I agree with most of this post, but the “fans in the stands” pay only a small part of an NFL players salary. Here is a link to a report that indicates the Packers in 2009 had revenues of $248M which included $30M from home ticket sales and $17M from road ticket sales. That is about 19%.

    http://harvardsportsanalysis.files.wordpress.com/2009/09/the-nfl-business-model-and-potential-lockout.pdf
    pages 3-4.

    December 4th, 2013 9:43 pm

  5. CohnZohn

    Steve Whoever You Are, I wasn’t there for him not to talk to me. And in fact he did talk. I didn’t like what he said. Yawn to you.

    December 4th, 2013 10:02 pm

  6. CohnZohn

    mendozaline, It’s still about the fans.

    December 4th, 2013 10:03 pm

  7. mendozaline

    Lowell, I agree that it is still about the fans. Just trying to make a small point about the economics of the game. Do you think world wide viewership would decrease if games had to be played in empty stadiums like some soccer games? If so, by how much?

    December 4th, 2013 10:11 pm

  8. dharte

    Lowell,

    It’s not about the fans anymore and that’s been true for the last decade, maybe longer. Depressing fact, but undeniably true. NFL football is a tv game now, nothing more, at least not for middle class folks.

    My godmother has had 49er tickets (initially with her father) since 1957, she’s 76 this month, and the bill she received for the seat licenses at Santa Clara–just the license, not the actual game tickets–was $80,000 for four seats.

    Not a chance in hell she could pay that tab. How many people do you know with that kind of “entertainment money”? And there is absolutely no way that scalping tickets will pay such a license fee off, not even if Bill Walsh came back and magically transformed Joe into a 23-year-old again (though wouldn’t that be a nice change of pace from the Harbaugh/Kaepernick Era?)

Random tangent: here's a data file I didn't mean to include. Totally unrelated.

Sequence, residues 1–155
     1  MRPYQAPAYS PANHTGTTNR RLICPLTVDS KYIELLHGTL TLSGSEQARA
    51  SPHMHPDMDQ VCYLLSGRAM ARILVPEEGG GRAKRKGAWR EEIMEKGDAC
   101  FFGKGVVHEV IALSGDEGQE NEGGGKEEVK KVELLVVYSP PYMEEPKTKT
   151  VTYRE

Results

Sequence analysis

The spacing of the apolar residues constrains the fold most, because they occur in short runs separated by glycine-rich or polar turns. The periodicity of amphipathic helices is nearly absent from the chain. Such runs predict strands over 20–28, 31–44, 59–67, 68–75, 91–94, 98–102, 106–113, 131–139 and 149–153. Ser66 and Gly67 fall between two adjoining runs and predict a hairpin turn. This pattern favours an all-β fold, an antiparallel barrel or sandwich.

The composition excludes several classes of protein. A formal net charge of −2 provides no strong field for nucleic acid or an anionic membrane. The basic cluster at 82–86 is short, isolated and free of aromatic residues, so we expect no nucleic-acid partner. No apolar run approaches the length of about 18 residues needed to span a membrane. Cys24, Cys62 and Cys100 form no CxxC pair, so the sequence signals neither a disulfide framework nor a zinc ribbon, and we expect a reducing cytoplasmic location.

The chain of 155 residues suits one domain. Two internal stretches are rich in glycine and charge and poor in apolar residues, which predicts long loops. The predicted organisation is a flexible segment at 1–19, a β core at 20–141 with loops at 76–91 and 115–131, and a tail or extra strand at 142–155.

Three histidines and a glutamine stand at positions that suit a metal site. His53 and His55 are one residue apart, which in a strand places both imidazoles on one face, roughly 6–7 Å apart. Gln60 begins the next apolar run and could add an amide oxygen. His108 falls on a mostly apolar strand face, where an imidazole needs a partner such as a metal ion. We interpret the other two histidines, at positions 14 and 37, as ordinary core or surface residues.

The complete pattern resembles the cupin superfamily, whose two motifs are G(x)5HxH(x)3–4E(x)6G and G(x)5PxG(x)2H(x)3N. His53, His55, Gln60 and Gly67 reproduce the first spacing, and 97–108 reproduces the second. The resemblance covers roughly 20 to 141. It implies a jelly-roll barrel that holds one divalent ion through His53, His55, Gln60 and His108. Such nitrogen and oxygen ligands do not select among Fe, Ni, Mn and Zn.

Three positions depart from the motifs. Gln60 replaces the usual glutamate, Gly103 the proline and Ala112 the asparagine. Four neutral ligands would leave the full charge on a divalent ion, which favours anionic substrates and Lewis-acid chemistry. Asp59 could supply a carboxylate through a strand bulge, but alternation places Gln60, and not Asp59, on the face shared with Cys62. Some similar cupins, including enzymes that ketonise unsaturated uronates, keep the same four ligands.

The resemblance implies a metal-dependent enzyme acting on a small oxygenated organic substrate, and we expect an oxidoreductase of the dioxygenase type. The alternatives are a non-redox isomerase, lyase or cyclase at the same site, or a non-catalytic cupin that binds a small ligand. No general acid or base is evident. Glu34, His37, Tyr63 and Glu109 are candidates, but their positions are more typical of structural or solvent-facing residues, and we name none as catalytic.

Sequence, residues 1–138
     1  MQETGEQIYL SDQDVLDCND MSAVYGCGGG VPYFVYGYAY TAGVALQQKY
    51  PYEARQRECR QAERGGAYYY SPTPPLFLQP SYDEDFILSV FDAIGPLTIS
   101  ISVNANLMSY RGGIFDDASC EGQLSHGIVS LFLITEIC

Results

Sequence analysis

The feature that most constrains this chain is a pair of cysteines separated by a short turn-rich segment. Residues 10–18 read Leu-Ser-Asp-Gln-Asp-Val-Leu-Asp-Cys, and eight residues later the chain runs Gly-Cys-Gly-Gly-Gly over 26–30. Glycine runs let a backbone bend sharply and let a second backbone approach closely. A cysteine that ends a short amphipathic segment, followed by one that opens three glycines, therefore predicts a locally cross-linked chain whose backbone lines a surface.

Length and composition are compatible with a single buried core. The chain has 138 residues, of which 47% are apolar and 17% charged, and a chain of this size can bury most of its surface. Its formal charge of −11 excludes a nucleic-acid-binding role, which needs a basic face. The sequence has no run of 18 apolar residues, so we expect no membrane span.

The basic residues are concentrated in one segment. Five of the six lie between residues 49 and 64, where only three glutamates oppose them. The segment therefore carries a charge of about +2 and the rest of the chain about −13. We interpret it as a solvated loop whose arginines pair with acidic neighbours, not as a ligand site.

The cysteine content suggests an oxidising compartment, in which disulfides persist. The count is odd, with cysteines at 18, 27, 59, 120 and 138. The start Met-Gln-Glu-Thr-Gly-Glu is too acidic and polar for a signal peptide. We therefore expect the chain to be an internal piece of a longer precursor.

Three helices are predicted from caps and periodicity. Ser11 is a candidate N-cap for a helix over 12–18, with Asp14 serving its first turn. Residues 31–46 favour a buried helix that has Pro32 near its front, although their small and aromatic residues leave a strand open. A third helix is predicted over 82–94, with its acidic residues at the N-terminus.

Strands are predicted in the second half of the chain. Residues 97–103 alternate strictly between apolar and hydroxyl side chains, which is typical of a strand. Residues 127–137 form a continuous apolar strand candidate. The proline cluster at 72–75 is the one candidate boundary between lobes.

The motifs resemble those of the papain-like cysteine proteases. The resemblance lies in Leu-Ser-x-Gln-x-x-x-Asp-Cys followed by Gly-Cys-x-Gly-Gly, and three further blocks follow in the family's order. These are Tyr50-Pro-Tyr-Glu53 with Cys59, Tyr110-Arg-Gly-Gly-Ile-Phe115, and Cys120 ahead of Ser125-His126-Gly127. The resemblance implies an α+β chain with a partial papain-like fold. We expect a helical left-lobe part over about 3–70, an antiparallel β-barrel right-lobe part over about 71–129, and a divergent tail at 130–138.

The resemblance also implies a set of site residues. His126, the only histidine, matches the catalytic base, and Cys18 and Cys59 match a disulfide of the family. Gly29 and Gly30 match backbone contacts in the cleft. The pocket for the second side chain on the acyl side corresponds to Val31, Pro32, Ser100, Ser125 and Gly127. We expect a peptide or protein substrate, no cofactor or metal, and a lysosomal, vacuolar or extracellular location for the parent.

So the tech boys will go on Sundays and then watch the game on their phones while the rest of us watch on tv.

    A different world, and a very different game than you and I grew up loving.

    December 4th, 2013 10:46 pm

  9. Mike from Philly

    I agree. “The Media” is the communication piece to the fans. By being rude to a reporter, being rude to fans. Shocking a PR person on the Niners hasn’t been able to get this thru to the coaches/players (tho Harbaugh has toned it down). Beyond unprofessional and verges on acting like a teenager. See Lebron and Curry on how to act like franchise players.

    December 4th, 2013 11:04 pm

  10. CohnZohn

    dharte, Does any of what you wrote vindicate Kaepernick?

    December 4th, 2013 11:09 pm

  11. Annie M

    I find your statements unfair.
    Firstly, there is no need for Kaepernick to have watched the Seahawks game when it was being broadcast because I’m sure, a sports writter you know that the 49ers and indeed Kaepernick will spend several hours this week watching the Seahawks film and listening to comments tailored to their specific offense/defense teams and game plans, thus making his watching the game at the time unnecessary. Furthermore, he has already said he doesn’t watch football at all and prefers to watch crime shows, understandably as he spends incredible amounts of time watching football every single day at work.